Unless you are Harper Lee, you are probably going to launch more than one book during your career. For the introvert, learn six ways to keep your head above water not just for your first book, but also for the long haul.

silence conversation

The Power of Silence in a Pitch Situation

Silence—or, in fact, just saying less—is an art that can be strategically practiced by authors who seek attention. It is also a critical strategy when trying to influence people who hear about new books all day, every day.

What Does It Mean to Write a Scene That Works?

On the whole, stories are about change. And scenes are a boiled down, less intense, mini-story. They should do the same thing your global story does: upset the life value of the character and put them on a path to try and restore it.

writing about addiction

Writing About Addiction: It Often Takes Two Perspectives

Writing about addiction is tricky business. While most stories have a single protagonist, addiction narratives are usually about two people: the addict deep in the throes of their addiction, and the recovered narrator looking back objectively on the experience.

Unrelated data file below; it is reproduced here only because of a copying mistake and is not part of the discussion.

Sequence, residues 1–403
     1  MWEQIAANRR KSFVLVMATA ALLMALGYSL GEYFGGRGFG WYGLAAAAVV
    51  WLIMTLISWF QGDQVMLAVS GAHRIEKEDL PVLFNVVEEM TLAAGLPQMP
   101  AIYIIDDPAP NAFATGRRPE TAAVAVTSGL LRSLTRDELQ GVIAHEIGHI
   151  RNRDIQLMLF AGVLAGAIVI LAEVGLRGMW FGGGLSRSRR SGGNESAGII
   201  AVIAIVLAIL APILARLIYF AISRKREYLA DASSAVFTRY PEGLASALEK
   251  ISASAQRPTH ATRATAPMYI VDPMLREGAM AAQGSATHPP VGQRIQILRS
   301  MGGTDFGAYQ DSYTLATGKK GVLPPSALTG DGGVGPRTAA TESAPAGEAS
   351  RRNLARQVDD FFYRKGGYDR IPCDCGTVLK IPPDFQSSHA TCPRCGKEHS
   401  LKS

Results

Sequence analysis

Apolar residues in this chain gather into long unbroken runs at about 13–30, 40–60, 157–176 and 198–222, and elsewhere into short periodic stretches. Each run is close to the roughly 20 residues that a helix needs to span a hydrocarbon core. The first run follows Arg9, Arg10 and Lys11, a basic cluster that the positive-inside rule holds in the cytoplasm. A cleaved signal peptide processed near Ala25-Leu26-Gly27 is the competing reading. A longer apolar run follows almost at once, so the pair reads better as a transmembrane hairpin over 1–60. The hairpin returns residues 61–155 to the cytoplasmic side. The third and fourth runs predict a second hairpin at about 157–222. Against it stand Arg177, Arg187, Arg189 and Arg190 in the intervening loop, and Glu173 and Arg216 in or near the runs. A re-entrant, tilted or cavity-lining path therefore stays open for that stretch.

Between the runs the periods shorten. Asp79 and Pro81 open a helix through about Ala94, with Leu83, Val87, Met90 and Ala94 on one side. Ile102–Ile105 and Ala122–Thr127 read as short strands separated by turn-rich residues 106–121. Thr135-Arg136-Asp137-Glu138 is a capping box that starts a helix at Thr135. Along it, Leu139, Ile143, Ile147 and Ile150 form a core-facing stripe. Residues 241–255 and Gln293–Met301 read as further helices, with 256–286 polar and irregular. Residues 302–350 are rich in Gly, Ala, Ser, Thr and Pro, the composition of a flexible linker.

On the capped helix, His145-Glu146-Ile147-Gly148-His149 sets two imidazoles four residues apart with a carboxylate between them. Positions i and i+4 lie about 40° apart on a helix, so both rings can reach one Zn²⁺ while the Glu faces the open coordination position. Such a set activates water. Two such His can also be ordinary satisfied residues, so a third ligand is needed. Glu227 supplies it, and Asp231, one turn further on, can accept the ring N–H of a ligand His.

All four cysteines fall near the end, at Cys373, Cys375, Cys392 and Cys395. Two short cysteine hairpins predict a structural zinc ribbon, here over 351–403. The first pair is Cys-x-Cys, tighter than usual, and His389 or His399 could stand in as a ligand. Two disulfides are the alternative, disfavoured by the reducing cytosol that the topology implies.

In & Of Itself

You Have a Voice and It Means Something

Despite the notion that we are voiceless, the challenge of a good creative writing instructor is to teach students that they do indeed have a voice and that their voice, that all our voices in concert, have meaning.

bicycle handlebars

Art’s Highest Purpose: To Complicate Our Feelings

Now and then my students and I broach the unavoidable question: What makes a work of art? The question can be stood on its head: What makes art work? They’re the same question, really, with (to me, anyway) the same answer: a true work of art is something that doesn’t merely elicit our emotions. It confronts us with emotions that don’t quite fit into any of our ready-made boxes.

online crisis

How to Lessen Your Chances of an Online Crisis

It can happen to you. Your carefully built author business and your reputation can come under attack and threaten to disrupt your livelihood and your personal life. But you can help prevent a crisis in the first place by using some simple engagement strategies.